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Barbara Ehrenreich’s “Wild God”

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Baffler contributing editor Barbara Ehrenreich’s new book comes out today: Living with a Wild God: A Nonbeliever’s Search for the Truth About Everything. In this very personal book, she revisits a series of “mystical experience” from her childhood and teenage years, and examines it with a rational, atheistic-leaning, journalist’s eye.

In a beautiful piece for the New York Times Sunday Review this week, Ehrenreich described one particular experience and the shattering effect it had on her at the time. “It was a furious encounter with a living substance that was coming at me through all things at once, too vast and violent to hold on to, too heartbreakingly beautiful to let go of,” she wrote. “Of course I said nothing about this to anyone. . . . It took an inexcusably long time for me to figure out that what had happened to me was part of a widespread category of human experience.”

In an interview with Dave Itzkoff for the Times magazine, too, Ehrenreich admits her initial discomfort in writing a memoir after so much hard-hitting investigative work, like Nickel and Dimed. But still, she says, she had felt compelled to explore these Big Questions about God, life, and her place in the universe.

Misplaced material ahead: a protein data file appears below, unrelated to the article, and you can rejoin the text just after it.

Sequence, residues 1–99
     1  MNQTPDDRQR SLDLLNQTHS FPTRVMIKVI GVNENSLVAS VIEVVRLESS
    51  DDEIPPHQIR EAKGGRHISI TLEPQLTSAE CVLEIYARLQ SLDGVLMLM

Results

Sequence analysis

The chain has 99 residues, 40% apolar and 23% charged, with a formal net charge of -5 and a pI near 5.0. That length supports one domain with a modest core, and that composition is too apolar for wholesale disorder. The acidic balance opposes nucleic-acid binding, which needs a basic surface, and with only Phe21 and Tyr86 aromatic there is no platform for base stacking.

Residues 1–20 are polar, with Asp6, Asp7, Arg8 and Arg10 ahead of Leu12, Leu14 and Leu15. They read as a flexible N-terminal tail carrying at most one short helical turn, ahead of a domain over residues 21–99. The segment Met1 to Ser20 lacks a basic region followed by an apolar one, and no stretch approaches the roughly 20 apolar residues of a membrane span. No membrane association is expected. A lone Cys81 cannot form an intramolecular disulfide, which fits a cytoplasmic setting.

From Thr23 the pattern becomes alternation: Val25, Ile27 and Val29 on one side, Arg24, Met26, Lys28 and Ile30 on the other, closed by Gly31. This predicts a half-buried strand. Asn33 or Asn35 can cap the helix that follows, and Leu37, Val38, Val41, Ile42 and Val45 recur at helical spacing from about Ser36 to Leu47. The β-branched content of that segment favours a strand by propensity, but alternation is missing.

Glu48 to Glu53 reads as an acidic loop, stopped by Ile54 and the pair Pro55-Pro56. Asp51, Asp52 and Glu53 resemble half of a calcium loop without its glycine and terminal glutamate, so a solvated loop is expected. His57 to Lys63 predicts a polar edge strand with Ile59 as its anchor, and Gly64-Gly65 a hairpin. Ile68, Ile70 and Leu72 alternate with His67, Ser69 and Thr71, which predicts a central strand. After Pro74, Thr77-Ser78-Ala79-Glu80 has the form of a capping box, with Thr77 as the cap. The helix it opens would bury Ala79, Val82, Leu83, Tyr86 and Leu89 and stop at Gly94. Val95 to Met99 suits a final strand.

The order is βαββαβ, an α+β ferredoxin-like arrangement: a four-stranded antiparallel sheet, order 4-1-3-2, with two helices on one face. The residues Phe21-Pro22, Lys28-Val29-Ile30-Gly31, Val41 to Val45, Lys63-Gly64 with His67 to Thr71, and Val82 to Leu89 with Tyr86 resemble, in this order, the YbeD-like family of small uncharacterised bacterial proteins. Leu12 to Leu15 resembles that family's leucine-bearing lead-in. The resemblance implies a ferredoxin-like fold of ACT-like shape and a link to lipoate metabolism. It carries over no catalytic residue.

Part of her process involved writing shorter essays on these topics as her book developed—The Baffler has published three of these over the past few years. They are all thoughtful, probing, complex pieces of work, and they’re all available online. Some very brief excerpts:

• “The connection between animals and religiosity may predate fully evolved Homo sapiens. . . . The rise of the monotheistic religions, featuring either anthropomorphic gods like the Christian “father” or deities so abstract that they are impervious to representation, drove the animals, so to speak, from the temple of the human imagination.”
— “The Animal Cure,” from Issue 19, in 2012

• “Atheism has become a respectable intellectual position, in some settings almost de rigueur, but . . . morally inspired opposition to God remains almost too radical to acknowledge.”
— “The Missionary Position,” from Issue 21, in 2012

• “For the last few hundred years, Western science has been on a mission to crush all forms of agency, which I mean in the philosophical sense as the capacity for action. Scientists never allowed that hydrogen atoms might lust after oxygen atoms or that living creatures might swim and run and fly for the fun of it.”
— “A Thing or Two about a Thing or Two, a.k.a. Science,” from our current issue, number 24

Enjoy, and check out her new book, out today.